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The waves

As the Wind Blows

Location: Chennai, Tamilnadu, India

04 September 2003

Last week, Hasan Suroor, Hindu’s correspondent in London, had discussed in his dispatch for Edit page, about the flexibility of English language. Citing a case of a cartoon in Times, where a school boy flaunts his exam result card and says, “ I done good in English”, Hasan argues that the reason for the decline in the language is the extreme flexibility of the language in accommodating all kinds of regional flavours. “English has become a victim of its own success”, Hasan points out.

Well. it is an interesting topic for a debate. How much a language can accommodate itself to modification, crossing the barriers of socio- geographic terrains? There are people, like Hasan, who fear that the language loses its original spirit when it gets adulterated too much with local flavours. So much so that English spoken in one region may not be understood in another region – both may be English though.

In a way I agree with that point of Hasan. That too much “adulteration” –( btw, can anyone suggest a better word? The word sounds too “criminal” J -) can disfigure the language. But then I also believe that language essentially is a tool to communicate. So how much elasticity should be there to accommodate regional adaptations? What determines the flexibility? If a language is too rigid, I feel it would not grow. English has proved that how much a language could grow by adapting all kinds of regional words.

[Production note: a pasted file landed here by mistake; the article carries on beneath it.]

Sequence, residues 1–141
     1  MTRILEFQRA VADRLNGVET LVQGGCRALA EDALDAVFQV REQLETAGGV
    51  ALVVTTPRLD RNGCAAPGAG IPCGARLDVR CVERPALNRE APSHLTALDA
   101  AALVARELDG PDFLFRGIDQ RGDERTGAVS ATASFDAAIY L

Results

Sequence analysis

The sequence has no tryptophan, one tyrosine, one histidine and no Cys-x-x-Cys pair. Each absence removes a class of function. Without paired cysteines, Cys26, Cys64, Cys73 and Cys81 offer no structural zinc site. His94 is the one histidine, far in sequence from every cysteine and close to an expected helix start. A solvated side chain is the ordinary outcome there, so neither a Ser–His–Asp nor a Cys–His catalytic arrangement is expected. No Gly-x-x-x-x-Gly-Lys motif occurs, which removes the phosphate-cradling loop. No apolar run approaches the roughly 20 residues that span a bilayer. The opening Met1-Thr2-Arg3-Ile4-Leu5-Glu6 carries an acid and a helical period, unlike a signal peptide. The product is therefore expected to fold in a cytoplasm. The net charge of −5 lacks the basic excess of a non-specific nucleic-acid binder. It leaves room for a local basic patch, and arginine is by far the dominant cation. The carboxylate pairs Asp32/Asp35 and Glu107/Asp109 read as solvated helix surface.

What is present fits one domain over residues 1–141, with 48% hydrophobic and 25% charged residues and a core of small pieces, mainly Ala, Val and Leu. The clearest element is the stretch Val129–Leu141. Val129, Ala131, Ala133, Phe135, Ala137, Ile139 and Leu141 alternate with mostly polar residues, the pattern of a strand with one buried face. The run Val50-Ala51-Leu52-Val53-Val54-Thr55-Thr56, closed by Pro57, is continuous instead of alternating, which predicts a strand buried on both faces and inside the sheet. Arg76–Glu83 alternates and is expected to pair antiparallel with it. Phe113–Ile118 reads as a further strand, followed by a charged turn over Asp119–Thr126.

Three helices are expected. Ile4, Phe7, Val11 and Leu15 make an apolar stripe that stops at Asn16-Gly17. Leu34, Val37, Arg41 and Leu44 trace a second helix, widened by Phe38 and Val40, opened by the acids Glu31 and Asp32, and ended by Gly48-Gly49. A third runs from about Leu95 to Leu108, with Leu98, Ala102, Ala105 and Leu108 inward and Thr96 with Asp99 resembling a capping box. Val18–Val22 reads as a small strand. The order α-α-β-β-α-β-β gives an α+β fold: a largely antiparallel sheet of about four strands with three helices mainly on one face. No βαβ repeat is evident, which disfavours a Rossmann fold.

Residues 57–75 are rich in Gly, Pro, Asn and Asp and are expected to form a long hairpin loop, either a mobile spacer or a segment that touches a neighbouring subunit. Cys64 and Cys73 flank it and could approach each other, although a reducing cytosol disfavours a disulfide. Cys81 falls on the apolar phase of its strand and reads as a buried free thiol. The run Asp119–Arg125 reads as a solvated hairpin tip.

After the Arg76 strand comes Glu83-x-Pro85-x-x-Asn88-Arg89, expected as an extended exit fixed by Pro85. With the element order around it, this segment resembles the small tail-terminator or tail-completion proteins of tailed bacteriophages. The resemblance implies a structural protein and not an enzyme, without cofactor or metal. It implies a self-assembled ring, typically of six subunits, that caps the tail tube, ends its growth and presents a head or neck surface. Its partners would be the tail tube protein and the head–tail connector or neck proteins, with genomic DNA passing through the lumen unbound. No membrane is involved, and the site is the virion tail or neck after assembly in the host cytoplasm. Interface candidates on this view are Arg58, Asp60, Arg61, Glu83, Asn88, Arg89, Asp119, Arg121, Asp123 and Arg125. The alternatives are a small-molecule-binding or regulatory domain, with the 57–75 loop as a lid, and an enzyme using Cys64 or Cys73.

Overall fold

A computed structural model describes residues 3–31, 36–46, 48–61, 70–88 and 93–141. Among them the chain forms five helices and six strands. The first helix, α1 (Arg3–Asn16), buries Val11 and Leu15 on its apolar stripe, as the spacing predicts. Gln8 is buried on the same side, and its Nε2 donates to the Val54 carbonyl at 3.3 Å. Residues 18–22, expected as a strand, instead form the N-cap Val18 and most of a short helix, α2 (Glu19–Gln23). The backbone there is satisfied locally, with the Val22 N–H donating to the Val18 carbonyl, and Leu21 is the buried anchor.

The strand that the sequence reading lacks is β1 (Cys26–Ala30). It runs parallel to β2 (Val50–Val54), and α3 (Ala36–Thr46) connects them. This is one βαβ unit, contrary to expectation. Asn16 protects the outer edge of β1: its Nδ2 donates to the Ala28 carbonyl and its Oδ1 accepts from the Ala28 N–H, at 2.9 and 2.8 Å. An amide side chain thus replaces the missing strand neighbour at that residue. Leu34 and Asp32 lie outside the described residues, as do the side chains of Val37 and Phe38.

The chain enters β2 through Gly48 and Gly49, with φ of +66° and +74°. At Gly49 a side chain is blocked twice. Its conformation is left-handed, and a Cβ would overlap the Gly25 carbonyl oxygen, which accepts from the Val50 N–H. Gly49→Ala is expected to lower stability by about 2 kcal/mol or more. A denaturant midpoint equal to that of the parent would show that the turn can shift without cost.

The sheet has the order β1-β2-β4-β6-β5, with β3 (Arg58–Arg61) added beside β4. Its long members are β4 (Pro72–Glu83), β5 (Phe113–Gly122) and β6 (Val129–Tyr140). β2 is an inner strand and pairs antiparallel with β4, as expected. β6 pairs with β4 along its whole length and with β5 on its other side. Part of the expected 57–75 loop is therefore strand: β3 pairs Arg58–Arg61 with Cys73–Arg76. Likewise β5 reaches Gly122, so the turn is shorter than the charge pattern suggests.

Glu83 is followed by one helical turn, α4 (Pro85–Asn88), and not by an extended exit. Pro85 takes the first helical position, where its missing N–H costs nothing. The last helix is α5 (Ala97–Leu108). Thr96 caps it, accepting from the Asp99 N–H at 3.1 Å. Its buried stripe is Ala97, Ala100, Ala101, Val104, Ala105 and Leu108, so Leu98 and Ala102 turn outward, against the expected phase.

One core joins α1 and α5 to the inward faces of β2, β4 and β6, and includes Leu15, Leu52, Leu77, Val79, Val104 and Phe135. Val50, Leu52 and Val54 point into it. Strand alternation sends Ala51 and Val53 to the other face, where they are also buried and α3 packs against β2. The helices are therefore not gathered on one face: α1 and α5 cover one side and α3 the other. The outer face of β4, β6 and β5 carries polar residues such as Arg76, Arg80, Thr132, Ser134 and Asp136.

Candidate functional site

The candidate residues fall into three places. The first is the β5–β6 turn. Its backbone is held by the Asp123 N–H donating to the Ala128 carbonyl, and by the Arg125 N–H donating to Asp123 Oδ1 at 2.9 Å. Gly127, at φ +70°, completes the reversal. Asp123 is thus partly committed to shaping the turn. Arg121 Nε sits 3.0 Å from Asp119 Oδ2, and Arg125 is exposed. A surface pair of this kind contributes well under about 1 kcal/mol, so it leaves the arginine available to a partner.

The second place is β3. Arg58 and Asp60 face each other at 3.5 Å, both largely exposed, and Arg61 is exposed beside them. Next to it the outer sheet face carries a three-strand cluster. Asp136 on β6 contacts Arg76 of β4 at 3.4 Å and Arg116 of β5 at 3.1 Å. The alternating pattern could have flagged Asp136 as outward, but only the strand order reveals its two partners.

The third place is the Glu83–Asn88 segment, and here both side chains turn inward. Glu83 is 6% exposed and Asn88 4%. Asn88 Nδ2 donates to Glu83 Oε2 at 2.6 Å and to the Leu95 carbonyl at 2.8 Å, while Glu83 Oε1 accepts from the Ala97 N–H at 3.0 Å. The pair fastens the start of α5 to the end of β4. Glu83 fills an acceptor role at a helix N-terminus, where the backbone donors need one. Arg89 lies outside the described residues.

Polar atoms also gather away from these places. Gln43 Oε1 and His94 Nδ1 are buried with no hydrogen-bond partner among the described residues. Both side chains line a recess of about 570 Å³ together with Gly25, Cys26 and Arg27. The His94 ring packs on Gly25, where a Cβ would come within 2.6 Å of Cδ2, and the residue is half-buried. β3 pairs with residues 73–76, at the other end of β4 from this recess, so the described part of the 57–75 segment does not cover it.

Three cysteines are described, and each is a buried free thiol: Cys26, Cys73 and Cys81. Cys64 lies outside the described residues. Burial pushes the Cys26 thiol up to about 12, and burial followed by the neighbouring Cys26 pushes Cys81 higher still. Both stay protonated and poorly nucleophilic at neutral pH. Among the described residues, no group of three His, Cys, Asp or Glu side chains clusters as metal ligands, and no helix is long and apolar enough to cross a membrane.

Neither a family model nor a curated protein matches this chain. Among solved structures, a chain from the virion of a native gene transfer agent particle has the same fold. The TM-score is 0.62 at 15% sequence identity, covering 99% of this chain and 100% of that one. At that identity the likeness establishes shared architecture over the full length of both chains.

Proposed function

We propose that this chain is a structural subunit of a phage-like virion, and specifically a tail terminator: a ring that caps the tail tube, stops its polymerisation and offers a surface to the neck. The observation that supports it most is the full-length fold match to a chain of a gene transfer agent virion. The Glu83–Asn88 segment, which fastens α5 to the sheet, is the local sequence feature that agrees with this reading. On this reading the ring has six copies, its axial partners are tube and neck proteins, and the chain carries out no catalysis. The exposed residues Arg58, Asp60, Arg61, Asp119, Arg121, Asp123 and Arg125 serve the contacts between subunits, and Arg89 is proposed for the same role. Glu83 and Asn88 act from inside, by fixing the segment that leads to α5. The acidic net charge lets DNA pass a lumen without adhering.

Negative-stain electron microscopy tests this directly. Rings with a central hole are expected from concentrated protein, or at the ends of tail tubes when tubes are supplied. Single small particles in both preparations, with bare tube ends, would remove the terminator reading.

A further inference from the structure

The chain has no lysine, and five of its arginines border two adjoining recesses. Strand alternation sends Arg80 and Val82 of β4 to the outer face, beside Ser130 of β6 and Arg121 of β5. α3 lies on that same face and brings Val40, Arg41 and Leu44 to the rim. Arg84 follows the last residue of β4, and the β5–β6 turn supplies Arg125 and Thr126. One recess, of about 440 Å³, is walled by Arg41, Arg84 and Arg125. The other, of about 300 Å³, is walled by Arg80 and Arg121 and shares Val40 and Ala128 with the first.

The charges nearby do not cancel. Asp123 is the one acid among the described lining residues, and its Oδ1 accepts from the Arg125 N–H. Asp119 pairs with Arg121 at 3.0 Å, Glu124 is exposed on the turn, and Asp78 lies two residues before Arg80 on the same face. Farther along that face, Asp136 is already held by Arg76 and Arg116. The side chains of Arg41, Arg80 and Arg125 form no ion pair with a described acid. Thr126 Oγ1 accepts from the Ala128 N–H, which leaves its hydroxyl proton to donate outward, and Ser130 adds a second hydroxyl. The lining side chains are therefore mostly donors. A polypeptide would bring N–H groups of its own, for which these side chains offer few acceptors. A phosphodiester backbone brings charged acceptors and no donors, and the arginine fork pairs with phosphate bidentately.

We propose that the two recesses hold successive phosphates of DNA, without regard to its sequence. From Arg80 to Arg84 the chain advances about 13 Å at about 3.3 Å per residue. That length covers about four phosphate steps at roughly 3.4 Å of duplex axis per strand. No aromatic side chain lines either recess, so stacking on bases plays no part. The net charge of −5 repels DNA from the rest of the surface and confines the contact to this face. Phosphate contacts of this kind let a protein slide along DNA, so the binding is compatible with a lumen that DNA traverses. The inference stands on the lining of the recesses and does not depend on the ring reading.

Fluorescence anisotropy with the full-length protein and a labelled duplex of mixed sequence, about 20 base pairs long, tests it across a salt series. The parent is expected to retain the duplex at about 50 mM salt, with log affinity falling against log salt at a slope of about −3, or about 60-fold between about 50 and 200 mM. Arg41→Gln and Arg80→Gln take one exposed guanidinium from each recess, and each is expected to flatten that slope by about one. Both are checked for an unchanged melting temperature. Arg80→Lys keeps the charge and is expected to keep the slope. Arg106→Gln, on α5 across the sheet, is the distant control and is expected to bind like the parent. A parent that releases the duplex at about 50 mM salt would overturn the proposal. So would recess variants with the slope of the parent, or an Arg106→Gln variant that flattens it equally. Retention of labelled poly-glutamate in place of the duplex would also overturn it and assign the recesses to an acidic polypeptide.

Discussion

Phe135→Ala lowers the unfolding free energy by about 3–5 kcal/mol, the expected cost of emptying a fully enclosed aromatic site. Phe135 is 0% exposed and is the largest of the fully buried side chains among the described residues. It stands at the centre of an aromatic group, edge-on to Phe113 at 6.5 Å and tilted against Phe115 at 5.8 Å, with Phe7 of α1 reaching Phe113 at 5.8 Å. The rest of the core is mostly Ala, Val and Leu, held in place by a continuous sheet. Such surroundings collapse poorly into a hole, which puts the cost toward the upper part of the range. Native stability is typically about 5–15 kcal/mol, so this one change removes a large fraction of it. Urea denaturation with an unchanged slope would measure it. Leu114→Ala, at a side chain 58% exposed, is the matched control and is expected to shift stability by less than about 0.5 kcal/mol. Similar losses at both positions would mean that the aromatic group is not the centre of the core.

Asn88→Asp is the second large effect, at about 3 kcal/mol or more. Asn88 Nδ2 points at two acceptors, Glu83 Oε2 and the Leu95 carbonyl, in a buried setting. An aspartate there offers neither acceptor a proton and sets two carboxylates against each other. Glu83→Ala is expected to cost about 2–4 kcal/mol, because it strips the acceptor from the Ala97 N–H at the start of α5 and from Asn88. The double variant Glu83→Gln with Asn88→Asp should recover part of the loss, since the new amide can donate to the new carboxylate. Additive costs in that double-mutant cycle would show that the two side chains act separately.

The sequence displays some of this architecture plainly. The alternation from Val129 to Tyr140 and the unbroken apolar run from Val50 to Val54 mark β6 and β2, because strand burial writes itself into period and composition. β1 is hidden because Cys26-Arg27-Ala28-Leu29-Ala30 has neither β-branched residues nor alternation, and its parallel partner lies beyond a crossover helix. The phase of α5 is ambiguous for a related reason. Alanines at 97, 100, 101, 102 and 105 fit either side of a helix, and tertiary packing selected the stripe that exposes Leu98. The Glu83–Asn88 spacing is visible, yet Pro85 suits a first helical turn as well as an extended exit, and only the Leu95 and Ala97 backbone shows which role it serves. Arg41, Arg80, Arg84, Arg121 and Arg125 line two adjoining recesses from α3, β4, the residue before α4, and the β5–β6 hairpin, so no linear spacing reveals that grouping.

OK. “I done good in English” might sound jarring to puritans. But the boy has effectively communicated his emotions. It is indeed more important.

However there can be a solution to remain grammatically correct and be effectively communicative too. Just train the kids to make good English – or for that matter any language - a habit. So that even in emotional outbursts, “the Queen’s English” or the grammatically correct language spills out.

P.S: This posting may not be in perfect English. But then, you know that I am taking all liberties with the languageJ

Btw, talking about language, check out my interview with Muthu Nedumaran of Murasu Anjal.


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